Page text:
George Scialabba at The Baffler:
When Mill was twenty-four and already a rising intellectual star, he met Mrs. Taylor, twenty-three, the wife of a Unitarian businessman and mother of two children. John had recently come through the depression he famously described in his Autobiography, caused, he was convinced, by having starved his feelings. Harriet was brilliant, beautiful, and fearless. Both were smitten, instantly and forever. Except when one or the other was convalescing (they were both tubercular), they rarely went a day without seeing or writing each other until she died twenty-eight years later, in 1858. (For the first nineteen of those years, they met openly at her house, thanks to her remarkably enlightened husband, John Taylor, of whom there is a small commemorative medallion on display in the Harriet Taylor Room.)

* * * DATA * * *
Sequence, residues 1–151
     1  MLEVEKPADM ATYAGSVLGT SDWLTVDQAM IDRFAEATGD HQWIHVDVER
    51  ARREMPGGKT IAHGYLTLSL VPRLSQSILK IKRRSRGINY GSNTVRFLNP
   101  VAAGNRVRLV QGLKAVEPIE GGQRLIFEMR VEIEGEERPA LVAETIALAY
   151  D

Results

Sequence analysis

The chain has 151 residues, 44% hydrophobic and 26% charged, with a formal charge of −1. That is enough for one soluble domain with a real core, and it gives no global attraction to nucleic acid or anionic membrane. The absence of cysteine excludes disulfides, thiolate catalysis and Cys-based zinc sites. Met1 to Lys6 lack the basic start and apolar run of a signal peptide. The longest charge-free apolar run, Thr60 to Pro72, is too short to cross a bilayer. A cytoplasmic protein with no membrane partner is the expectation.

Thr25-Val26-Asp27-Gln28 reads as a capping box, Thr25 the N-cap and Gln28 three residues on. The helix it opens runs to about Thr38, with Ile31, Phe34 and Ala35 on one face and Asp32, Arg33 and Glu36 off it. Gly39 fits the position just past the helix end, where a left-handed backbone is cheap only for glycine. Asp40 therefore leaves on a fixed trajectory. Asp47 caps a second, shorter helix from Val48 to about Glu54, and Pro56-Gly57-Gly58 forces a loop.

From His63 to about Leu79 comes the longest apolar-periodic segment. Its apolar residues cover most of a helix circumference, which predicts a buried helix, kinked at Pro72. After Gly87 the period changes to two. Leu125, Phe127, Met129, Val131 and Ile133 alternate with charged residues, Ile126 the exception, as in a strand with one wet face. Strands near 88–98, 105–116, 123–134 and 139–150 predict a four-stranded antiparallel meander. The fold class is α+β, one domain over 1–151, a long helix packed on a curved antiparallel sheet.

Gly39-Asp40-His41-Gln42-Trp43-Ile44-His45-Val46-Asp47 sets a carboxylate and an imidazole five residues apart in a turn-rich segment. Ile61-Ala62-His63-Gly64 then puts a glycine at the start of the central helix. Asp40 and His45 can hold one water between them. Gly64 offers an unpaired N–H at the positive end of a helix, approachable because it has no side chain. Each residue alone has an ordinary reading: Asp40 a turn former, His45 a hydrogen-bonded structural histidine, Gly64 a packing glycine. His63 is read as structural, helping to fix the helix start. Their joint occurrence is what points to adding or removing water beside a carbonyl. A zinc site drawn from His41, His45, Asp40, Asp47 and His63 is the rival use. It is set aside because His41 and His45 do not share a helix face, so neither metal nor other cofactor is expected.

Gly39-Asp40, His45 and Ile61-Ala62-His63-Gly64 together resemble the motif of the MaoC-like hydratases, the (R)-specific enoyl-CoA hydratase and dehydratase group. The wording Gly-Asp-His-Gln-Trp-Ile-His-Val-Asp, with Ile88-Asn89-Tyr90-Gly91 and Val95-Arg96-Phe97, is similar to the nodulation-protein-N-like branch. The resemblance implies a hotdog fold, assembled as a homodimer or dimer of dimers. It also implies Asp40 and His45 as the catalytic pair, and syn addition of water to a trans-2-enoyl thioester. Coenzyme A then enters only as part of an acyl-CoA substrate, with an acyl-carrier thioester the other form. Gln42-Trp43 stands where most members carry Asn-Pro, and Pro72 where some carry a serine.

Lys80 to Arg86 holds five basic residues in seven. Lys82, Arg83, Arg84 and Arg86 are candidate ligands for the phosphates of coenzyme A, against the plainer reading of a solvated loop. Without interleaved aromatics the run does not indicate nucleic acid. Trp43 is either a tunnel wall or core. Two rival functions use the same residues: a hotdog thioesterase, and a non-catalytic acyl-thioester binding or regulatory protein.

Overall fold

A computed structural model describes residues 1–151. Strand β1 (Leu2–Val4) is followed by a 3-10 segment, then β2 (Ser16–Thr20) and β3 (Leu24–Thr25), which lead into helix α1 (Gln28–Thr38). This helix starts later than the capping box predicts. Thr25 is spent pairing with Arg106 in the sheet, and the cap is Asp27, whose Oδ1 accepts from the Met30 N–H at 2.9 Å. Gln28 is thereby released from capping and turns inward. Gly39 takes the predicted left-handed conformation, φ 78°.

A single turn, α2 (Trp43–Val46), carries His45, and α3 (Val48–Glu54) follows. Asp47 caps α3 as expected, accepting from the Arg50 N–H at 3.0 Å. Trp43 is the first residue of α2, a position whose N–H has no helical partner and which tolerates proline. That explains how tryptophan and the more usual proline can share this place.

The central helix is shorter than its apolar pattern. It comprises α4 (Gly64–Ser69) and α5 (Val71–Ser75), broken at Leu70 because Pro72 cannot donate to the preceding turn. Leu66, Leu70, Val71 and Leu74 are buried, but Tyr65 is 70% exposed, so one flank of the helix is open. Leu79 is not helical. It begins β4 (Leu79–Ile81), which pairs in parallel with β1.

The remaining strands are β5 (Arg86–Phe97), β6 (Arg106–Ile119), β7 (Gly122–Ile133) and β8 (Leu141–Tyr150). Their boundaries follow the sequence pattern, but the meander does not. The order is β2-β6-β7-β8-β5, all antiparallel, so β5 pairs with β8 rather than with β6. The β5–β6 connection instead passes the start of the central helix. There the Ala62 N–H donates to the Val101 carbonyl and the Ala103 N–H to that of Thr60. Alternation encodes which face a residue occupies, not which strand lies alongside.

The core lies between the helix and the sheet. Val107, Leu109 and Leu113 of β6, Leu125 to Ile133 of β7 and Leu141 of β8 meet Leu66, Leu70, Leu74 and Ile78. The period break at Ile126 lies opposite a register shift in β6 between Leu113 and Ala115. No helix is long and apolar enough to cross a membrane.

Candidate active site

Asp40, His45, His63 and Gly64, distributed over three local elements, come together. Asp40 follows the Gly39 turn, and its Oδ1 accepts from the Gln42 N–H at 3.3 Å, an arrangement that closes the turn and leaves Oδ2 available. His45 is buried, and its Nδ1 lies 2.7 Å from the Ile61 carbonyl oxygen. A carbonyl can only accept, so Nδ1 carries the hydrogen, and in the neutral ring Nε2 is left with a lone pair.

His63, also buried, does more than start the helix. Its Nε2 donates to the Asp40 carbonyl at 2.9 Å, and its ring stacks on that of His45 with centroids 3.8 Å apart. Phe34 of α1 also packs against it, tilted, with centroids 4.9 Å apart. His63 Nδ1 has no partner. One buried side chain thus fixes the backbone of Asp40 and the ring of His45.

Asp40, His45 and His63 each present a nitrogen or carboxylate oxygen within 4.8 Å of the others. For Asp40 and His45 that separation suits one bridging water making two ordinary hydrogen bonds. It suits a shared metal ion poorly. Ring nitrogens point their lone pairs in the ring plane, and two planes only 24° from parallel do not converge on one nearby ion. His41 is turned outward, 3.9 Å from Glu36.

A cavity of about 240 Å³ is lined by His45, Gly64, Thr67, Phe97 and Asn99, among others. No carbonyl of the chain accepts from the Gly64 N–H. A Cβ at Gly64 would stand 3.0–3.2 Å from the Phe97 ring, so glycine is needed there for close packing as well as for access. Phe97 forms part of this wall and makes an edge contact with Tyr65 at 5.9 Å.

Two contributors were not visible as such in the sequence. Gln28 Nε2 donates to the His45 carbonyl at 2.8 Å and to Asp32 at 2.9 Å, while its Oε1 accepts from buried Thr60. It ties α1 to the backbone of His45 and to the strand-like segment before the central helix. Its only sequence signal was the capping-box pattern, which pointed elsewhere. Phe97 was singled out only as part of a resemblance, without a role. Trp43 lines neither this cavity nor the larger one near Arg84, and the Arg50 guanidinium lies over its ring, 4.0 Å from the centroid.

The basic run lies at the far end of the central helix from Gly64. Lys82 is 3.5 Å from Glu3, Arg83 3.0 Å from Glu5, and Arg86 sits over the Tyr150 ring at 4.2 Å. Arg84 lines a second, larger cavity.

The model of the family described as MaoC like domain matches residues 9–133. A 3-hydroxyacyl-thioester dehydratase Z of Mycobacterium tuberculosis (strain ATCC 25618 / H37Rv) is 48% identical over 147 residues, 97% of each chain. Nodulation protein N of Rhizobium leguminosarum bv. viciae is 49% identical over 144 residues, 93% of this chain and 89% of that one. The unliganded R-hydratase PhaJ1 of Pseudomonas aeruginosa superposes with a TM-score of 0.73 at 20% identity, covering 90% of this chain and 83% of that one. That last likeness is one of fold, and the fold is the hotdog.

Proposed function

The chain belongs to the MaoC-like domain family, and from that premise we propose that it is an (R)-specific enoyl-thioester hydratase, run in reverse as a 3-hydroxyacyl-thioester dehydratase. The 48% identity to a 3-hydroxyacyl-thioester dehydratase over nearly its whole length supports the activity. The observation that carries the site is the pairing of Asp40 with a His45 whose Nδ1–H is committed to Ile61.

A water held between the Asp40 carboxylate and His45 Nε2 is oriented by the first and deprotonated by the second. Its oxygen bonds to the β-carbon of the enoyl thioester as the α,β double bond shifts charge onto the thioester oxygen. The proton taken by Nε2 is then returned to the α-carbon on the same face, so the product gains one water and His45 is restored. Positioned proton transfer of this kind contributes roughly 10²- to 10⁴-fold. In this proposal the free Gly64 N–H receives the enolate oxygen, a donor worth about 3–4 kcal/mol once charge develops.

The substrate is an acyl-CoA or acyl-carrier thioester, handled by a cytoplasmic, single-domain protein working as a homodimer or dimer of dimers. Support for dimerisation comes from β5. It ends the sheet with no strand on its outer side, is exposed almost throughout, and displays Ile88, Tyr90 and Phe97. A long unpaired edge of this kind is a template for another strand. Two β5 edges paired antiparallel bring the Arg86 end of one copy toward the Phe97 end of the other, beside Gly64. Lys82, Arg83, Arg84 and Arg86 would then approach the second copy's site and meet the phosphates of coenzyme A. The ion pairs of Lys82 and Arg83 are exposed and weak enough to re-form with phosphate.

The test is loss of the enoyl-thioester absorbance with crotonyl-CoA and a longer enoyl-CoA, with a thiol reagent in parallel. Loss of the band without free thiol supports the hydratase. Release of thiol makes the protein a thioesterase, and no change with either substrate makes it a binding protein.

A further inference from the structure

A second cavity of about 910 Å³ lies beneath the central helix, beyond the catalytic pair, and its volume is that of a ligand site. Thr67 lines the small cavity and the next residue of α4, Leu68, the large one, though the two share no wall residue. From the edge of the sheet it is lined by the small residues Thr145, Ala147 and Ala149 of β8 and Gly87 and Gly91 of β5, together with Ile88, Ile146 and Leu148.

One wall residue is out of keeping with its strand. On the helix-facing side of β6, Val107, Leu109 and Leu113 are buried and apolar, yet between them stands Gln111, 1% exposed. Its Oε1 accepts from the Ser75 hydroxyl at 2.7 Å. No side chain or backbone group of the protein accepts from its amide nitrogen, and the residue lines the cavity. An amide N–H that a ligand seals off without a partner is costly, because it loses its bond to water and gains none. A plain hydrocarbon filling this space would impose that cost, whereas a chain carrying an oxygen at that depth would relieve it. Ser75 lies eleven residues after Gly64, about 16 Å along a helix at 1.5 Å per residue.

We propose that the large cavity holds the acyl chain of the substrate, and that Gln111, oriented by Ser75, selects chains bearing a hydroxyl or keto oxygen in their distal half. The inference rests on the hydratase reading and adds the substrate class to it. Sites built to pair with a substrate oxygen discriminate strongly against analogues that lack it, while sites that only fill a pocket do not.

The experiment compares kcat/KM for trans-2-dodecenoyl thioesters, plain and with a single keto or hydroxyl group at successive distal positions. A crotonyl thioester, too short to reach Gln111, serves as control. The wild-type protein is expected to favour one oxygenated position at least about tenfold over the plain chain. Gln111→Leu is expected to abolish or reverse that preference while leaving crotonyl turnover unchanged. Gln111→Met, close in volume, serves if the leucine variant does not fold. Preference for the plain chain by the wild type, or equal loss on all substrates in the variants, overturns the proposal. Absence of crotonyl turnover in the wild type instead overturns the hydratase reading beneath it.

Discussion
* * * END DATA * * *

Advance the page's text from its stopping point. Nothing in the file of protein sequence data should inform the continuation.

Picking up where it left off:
Mill insisted that everything he wrote after meeting Taylor was a joint production—she had the flashes of inspiration that he laboriously worked out. Some subsequent critics have doubted that this was true of his Logic and other philosophical writings. But it was surely true of The Subjection of Women, his powerful and influential critique of sexual inequality. Mill was already an advanced feminist when they met (which was, he later wrote, the only reason she gave him the time of day). But she enlarged his vision and kindled his indignation. The latter is perhaps the most striking feature of Mill’s treatise. Wollstonecraft’s Vindication had a conciliatory, occasionally even pleading, tone. But The Subjection of Women gave no quarter, rhetorically. The relentlessness of the prose in the cause of emancipation fits right into today’s sex-war rhetoric.